Overall, addressing the issues facing the LGBTQIA+ community is crucial to ensuring that human rights are upheld for all individuals. Governments, civil society, and international organizations must work to protect the rights of LGBTQIA+ individuals and promote equality and non-discrimination.
Queering international law : possibilities, alliances, complicities, risks / edited by Dianne Otto.(2018)
On the RWI shelf under 20 QUE
From the publisher: This ground-breaking collection reflects the growing momentum of interest in the international legal community in meshing the insights of queer legal theory with those critical theories that have a much longer genealogy – notably postcolonial and feminist analyses. Beyond the push in the human rights field to ensure respect for the rights of people with diverse sexual orientations and gender identities, queer legal theory provides a means to examine the structural assumptions and conceptual architecture that underpin the normative framework and operation of international law, highlighting bias and blind spots and offering fresh perspectives and practical innovations.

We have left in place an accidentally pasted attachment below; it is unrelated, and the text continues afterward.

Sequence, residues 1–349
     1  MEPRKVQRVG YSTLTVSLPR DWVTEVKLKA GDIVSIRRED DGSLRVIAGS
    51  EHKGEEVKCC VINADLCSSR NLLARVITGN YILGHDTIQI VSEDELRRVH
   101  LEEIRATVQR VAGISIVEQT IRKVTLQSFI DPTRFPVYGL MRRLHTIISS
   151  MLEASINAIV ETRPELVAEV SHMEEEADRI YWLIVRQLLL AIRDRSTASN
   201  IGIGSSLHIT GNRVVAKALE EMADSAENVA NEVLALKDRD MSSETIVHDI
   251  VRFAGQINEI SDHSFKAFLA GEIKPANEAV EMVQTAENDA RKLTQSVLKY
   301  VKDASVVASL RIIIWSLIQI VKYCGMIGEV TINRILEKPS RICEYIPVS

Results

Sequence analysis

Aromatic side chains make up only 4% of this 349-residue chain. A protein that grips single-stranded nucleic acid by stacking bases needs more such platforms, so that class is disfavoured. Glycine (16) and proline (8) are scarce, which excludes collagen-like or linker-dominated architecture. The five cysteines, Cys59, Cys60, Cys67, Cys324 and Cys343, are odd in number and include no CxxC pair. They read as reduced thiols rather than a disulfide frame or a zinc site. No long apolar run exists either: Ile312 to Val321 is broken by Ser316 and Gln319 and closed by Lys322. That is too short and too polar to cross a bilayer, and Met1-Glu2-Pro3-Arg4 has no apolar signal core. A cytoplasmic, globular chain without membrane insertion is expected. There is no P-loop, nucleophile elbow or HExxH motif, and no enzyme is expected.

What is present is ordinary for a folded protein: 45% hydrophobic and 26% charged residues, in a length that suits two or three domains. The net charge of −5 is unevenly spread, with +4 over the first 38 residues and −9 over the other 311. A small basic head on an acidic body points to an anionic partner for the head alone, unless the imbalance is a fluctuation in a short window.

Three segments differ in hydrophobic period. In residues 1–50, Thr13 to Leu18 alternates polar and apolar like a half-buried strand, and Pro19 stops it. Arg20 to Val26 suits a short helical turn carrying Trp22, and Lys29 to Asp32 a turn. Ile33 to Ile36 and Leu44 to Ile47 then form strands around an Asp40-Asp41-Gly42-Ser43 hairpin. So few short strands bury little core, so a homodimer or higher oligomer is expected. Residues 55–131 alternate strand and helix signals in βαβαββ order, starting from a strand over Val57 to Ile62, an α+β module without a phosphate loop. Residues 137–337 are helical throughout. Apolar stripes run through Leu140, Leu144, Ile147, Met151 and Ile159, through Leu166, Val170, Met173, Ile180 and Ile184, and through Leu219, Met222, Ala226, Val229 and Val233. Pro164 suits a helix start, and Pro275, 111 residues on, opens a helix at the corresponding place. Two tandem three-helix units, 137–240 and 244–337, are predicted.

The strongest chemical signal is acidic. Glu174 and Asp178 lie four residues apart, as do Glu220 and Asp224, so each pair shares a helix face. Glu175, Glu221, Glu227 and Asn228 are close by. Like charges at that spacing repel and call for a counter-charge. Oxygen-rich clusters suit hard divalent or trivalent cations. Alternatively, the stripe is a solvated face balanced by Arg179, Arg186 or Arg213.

The contributors to the book use queer legal theory to critically analyse the basic tenets and operations of international law, with many surprising, thought-provoking and instructive results. The volume will be of interest to many scholars, students and researchers in international law, international relations, cultural studies, gender studies, queer studies and postcolonial studies.
Sexual orientation, gender identity and international human rights law : common law perspectives / Kerry O’Halloran.(2020)
On the RWI shelf: 69:2 HAL
From the publisher: This book identifies, analyses and discusses the nexus of legal issues that have emerged in recent years around sexuality and gender. It audits these against specific human rights requirements and evaluates the outcomes as evidenced in the legislation and caselaw of six leading common law jurisdictions. Beginning with a snapshot of the legal definitions and sanctions associated with the traditional marital family unit, the book examines the subsequently evolving key concepts and constructs before outlining the contemporary international framework of human rights as it relates to matters of sexuality and gender. It proceeds by identifying a set of themes, including the rights to identity, to form a family, to privacy, to equality and to non-discrimination, and undertakes a comparative evaluation of how these and other themes indicate areas of commonality and difference in the approaches adopted in those common law jurisdictions, as illustrated by the associated legislation and caselaw. It then considers why this should be and assesses the implications.
Sexuality, Gender, and the Law / Edited by Eskridge Jr., William; Hunter, Nan; Joslin, Courtney. (2018)
On the RWI shelf under: 69:1 SEX